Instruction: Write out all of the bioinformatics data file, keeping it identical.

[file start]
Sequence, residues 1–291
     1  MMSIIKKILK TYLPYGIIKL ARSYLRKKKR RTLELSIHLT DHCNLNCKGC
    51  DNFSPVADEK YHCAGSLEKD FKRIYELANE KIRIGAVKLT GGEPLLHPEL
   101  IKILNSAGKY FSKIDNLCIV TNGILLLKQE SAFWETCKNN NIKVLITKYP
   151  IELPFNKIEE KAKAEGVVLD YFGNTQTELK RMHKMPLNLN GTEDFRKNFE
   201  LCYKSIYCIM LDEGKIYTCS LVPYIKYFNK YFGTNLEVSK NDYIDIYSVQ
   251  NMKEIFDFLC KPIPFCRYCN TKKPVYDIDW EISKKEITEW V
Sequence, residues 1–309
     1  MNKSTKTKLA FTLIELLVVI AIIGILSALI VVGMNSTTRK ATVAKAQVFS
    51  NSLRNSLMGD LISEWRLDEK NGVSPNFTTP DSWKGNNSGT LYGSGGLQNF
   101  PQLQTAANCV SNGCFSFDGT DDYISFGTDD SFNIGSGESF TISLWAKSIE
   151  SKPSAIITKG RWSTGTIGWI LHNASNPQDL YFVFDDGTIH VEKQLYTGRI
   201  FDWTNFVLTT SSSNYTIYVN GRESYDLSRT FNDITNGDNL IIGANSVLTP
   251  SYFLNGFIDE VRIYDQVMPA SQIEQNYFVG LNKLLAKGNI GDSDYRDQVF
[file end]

Sequence, residues 1–291
     1  MMSIIKKILK TYLPYGIIKL ARSYLRKKKR RTLELSIHLT DHCNLNCKGC
    51  DNFSPVADEK YHCAGSLEKD FKRIYELANE KIRIGAVKLT GGEPLLHPEL
   101  IKILNSAGKY FSKIDNLCIV TNGILLLKQE SAFWETCKNN NIKVLITKYP
   151  IELPFNKIEE KAKAEGVVLD YFGNTQTELK RMHKMPLNLN GTEDFRKNFE
   201  LCYKSIYCIM LDEGKIYTCS LVPYIKYFNK YFGTNLEVSK NDYIDIYSVQ
   251  NMKEIFDFLC KPIPFCRYCN TKKPVYDIDW EISKKEITEW V
Sequence, residues 1–309
     1  MNKSTKTKLA FTLIELLVVI AIIGILSALI VVGMNSTTRK ATVAKAQVFS
    51  NSLRNSLMGD LISEWRLDEK NGVSPNFTTP DSWKGNNSGT LYGSGGLQNF
   101  PQLQTAANCV SNGCFSFDGT DDYISFGTDD SFNIGSGESF TISLWAKSIE
   151  SKPSAIITKG RWSTGTIGWI LHNASNPQDL YFVFDDGTIH VEKQLYTGRI
   201  FDWTNFVLTT SSSNYTIYVN GRESYDLSRT FNDITNGDNL IIGANSVLTP
   251  SYFLNGFIDE VRIYDQVMPA SQIEQNYFVG LNKLLAKGNI GDSDYRDQVF